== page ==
Why reconsidering our approach to networking is crucial to cloud success
Tue 13 Dec 2016
Scott Sneddon, Senior Director of SDN and Virtualisation at Juniper Networks, examines the networking challenges and opportunities presented by emerging cloud technologies…
The emergence of cloud technologies, virtualization, containers and the Internet of Things (IoT), have brought with them unique architectural challenges. Enterprises are running application workloads across many kinds of private and public clouds, while virtualization, containers and IoT are also driving requirements for dynamic, scalable networking environments.
Businesses must deliver a host of innovative technologies to address these architectural hurdles, but common across all of these trends is the need to automate traditionally manual network provisioning and management tasks.
Adapting to a new automation paradigm, using common tools and APIs will help tighten network integration and cloud and application practices. This change in approach will also allow businesses to address organizational silos, bringing together Network Operations, Cloud Operations and Application teams into one true end-to-end DevOps structure.
SDN and NFV
As companies migrate to cloud architectures, a quick realization ensues that the networking approach needs to be very different from traditional set-ups. Software-defined networking (SDN) is a great fit for solving challenges around providing scalable and dynamic networking services for cloud environments. The technology will continue to improve its ability to solve these problems, making cloud and data centers more powerful and operationally seamless.
We are seeing a very strong trend towards SDN solutions which integrate with traditional WAN technologies using protocols like BGP and MPLS
Network Functions Virtualization (NFV) can also be considered for moving network functions, which were traditionally performed by purpose-built hardware, into virtualized environments running as applications on top of cloud infrastructure.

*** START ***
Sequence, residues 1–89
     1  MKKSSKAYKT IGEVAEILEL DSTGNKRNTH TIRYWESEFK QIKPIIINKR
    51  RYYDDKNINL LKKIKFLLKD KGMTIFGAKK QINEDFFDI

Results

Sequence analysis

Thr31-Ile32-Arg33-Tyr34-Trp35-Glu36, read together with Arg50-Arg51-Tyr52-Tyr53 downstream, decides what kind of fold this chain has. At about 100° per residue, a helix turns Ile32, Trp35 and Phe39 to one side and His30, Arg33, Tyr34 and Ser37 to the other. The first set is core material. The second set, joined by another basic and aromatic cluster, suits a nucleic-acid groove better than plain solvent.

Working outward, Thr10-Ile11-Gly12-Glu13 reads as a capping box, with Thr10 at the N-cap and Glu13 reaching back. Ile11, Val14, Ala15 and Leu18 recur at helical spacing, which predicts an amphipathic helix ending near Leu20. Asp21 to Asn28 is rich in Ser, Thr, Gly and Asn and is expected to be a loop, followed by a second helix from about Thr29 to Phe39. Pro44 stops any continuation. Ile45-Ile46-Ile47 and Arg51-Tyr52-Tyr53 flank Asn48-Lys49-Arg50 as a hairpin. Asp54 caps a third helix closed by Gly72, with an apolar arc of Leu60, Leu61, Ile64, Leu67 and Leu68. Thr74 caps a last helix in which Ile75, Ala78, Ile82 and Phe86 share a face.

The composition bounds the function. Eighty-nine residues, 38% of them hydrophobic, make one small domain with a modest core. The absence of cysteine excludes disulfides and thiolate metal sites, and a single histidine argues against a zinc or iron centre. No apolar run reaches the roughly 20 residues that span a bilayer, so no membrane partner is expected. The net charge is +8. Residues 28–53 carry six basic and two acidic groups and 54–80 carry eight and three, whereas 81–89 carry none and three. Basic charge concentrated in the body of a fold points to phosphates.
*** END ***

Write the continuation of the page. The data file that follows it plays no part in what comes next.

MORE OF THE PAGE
As telcos and enterprises begin to adopt NFV, the first thing they need to do is build a cloud to run these virtualized network functions. This drives the need for NFV ‘clouds’ to adopt SDN in order to connect these functions together. In effect, SDN provides the plumbing for virtualized functions running as NFV cloud applications.
Recently, there has been a growing interest around the adoption of Cloud CPE and SD-WAN as use cases for NFV. Businesses are looking to virtualize the functions that traditionally ran on their customer premise equipment (CPE) and are placing them within ‘hybrid’ cloud applications running within a mixed environment – spanning branch offices, telco clouds and enterprise data centers.
In these cases, there is a requirement for SDN solutions to expand beyond the data center and to start integrating with the WAN and the CPE.
Today, we are seeing a very strong trend towards SDN solutions which integrate with traditional WAN technologies using protocols like BGP and MPLS. In the future, there will be more demand for hybrid environments where SDN solutions need to tie together with telco NFV clouds, enterprise private clouds, container-based application clouds, and public clouds across a seamless and cohesive platform.
Open source development
In the old world of telecom networking, standards bodies like the IETF and IEEE defined the technologies and products released by the vendor community. Large companies were the primary contributors to those standards. While there is still a need for standards bodies, open source communities like OpenStack are where a lot of new de facto standards are being defined.
In this community model, large companies and vendors still have an influence, but individual contributors, academia, and small startups can also have a significant impact. An individual developer can contribute code for a new feature, and a small startup can implement a new business based on that feature much more rapidly than was ever possible in the past.
This new community approach is very exciting, and as we progress with future networking technologies we must embrace it.